You don’t have this problem.

In fact this critical variable is flipped on its head: you have a stake in the destruction of Bitcoin’s future. You are trying to get the price of BTC to $0, and the value of all future block rewards and your mining equipment along with it. Attacking the network to undermine the integrity of Bitcoin and its value proposition to end users is precisely your goal.

This fundamentally breaks the game theory and the balance of power in the system, and the result is disequilibrium.

In short, Bitcoin is based on a Mexican Standoff security model which only works as a piece of economic design if you start from the assumption that every actor is rational and has a stake in the system continuing to function.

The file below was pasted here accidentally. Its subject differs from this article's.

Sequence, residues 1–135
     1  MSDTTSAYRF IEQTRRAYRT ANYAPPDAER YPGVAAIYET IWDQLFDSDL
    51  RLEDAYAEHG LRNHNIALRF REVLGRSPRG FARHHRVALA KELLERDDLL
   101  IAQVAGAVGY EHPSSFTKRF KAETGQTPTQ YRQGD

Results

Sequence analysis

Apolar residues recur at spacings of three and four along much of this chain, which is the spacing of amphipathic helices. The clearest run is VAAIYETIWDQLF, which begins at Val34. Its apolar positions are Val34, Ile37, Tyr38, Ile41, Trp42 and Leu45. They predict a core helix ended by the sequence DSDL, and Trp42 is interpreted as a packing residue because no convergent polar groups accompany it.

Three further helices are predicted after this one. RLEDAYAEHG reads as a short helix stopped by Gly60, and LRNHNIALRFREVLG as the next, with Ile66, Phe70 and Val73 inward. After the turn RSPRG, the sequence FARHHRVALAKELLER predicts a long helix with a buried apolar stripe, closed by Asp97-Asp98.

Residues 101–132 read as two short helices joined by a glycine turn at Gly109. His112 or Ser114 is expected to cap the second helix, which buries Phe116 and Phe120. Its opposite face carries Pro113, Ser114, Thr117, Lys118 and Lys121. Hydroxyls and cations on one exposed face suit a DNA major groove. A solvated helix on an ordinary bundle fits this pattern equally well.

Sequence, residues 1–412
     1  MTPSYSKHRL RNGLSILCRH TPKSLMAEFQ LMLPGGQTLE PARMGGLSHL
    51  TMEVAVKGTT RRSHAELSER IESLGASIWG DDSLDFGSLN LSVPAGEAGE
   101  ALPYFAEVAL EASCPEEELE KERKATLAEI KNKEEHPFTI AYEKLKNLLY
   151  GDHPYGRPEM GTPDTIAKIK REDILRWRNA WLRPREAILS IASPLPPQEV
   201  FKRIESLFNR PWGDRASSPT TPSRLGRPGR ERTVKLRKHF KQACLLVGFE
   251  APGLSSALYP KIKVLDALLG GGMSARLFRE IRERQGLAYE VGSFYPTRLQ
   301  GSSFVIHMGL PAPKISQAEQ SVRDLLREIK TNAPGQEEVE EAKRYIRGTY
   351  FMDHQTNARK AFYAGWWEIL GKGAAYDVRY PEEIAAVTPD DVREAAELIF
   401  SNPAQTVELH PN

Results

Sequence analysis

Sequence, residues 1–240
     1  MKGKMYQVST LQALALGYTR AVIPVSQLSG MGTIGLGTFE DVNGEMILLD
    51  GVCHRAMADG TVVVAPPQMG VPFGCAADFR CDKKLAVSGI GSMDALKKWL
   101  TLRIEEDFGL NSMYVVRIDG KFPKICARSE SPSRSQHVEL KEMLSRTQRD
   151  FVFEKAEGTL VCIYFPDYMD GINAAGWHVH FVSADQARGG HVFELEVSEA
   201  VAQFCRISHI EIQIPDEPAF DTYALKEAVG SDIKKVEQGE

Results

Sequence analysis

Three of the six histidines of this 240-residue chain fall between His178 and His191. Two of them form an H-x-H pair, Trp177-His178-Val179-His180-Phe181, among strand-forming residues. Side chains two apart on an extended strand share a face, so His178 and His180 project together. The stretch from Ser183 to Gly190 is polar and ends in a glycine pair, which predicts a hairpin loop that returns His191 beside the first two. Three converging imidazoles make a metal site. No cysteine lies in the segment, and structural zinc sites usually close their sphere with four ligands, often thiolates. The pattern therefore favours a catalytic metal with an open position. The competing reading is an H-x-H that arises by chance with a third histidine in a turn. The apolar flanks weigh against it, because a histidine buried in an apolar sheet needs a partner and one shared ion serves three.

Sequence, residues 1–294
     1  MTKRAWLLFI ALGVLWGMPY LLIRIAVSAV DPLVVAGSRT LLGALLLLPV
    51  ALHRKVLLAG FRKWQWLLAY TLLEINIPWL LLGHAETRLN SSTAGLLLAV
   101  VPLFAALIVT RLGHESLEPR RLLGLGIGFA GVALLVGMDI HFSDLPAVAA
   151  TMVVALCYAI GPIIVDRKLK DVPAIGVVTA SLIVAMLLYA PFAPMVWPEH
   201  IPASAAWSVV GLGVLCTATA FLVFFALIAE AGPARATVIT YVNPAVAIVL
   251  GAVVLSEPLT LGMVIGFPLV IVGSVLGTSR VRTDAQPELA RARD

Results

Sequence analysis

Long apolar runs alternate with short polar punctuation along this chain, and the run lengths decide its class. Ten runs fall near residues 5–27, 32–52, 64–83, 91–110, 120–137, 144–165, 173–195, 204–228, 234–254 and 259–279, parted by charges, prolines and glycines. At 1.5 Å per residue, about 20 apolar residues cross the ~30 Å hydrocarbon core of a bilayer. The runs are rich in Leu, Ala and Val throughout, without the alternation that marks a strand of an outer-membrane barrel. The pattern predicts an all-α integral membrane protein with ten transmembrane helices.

That is not a safe assumption.

Or to put it another way: Bitcoin’s core structure of economic incentives only balances internally; the system does not and cannot account for external incentives and destructive intentions.

It never could.

The End

‘Unstoppable Code’ is a good advertising slogan for Bitcoin, and there’s even a narrow technical sense in which it’s true, as discussed in Part 1: the messaging back and forth between nodes in the network is indeed unstoppable.

But the lazy comparison to other robust peer-to-peer networking activities like file sharing stops there. Unlike file sharing, there’s much more to Bitcoin than simple messaging back and forth between peers: there’s an economic dimension to the system which is just as important to its existence, and it can be attacked there too. So it’s a fallacy to assume that the system as a whole automatically inherits the security characteristics and robustness of the peer-to-peer messaging layer at the bottom of the stack — it doesn’t.